Allen leads a growing movement, and in his new book, The Good Food Revolution: Growing Healthy Food, People, and Communities, the MacArthur “Genius Award” winner advocates for building a better food system that can feed—and heal—broken communities.

During his midday commencement address, Allen, who was UM’s first black basketball player, talked about a worldwide food system wrought with problems, and urged graduates to help fix it.

“It’s not just about putting a plant in the ground,” Allen said. Teachers must educate students about healthy food, and farmers must use better methods of composting.

Allen’s remarks were among the many highlights of UM’s spring commencement ceremonies, which began on May 10 with a senior Mwambo exercise honoring the University’s black graduates.



UM 50 years after desegregation

Jan. 29, 2012 — Miami Herald — By LEONARD ABESS

As a region internationally recognized for our multicultural diversity, it is important for South Floridians to acknowledge our evolution from an insular society blemished by discrimination and exclusion to a flourishing community committed to integration and inclusion. It is only by exposing and examining our collective history that we can fully mitigate the legacy of past injustices and help build a promising future for everyone.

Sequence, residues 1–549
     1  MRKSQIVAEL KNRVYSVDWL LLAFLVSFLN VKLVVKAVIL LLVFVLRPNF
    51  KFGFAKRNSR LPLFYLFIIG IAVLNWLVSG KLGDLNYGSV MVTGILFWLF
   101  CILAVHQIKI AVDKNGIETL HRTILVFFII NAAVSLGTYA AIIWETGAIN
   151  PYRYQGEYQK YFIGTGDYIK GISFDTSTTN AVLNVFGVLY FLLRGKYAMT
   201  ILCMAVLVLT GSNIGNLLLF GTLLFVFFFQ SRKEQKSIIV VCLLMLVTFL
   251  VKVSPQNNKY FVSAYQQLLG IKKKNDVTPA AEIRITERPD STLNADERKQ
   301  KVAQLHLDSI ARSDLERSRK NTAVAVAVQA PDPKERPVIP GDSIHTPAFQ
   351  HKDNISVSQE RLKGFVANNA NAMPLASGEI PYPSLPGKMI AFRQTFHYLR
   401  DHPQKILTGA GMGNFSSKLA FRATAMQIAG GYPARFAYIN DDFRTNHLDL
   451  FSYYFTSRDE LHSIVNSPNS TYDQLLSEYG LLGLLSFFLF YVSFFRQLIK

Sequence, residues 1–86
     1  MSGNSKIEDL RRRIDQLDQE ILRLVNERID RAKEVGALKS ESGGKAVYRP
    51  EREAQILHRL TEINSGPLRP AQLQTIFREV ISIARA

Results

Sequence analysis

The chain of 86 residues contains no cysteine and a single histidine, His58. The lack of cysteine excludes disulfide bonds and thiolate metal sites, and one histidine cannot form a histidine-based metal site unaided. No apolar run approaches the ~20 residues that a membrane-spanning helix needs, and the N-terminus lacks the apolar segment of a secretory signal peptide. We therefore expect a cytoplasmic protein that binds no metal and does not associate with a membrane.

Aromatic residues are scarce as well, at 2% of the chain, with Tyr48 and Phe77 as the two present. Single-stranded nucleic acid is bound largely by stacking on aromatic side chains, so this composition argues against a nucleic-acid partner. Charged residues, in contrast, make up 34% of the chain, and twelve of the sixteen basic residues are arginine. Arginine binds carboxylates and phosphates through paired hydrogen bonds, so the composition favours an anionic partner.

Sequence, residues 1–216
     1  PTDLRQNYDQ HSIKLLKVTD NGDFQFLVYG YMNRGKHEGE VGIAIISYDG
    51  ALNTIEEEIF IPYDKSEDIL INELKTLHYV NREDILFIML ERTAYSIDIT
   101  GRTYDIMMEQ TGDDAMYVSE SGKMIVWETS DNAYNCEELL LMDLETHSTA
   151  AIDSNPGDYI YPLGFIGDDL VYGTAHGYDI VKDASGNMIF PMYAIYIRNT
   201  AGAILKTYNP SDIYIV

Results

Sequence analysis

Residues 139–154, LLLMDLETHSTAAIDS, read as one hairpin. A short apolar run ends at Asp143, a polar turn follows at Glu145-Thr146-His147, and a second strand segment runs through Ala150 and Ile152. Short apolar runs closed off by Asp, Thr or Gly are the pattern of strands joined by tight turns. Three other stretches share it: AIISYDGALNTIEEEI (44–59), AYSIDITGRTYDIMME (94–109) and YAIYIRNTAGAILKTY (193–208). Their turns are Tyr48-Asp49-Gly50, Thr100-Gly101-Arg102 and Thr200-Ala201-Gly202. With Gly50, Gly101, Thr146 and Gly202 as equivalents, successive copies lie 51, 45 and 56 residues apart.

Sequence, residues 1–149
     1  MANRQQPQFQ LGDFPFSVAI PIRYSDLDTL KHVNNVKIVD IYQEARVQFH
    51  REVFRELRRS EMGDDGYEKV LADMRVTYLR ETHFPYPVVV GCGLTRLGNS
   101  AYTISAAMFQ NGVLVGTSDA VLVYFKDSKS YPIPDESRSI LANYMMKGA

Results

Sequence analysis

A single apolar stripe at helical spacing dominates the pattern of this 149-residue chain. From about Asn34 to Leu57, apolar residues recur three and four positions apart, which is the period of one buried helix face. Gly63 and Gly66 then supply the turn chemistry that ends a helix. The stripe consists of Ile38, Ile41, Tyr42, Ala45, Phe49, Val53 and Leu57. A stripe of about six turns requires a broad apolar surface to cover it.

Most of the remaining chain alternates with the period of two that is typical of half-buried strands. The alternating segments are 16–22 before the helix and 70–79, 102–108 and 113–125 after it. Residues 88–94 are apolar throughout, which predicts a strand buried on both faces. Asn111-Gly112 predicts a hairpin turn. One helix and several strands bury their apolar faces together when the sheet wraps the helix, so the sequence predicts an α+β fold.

Over the next several months, the University of Miami is presenting “Unity in Diversity,” a series of events marking the 50th anniversary of desegregation at UM. This celebration honors our core institutional values — openness, equality, and an impartial devotion to knowledge and learning. As chair of the University’s Board of Trustees, the parent of a current student, and a lifelong Miamian, the recognition of this milestone is also profoundly personal.

My grandfather, Arthur A. Ungar, was a member of the university’s board of trustees who voted on Jan. 31, 1961 to admit qualified students without regard to race or color. With the first group of 75 African-American students starting classes the following summer, both the University of Miami and the greater community were opening the door to opportunity and prosperity, thereby strengthening our social and economic foundation for future generations.

Read the rest of the article


Spotlight: Benny O'Berry


Credit: Patrick Farrell

Benny O'Berry - First black man to graduate from UM



In Memoriam

Led the Way to a New Era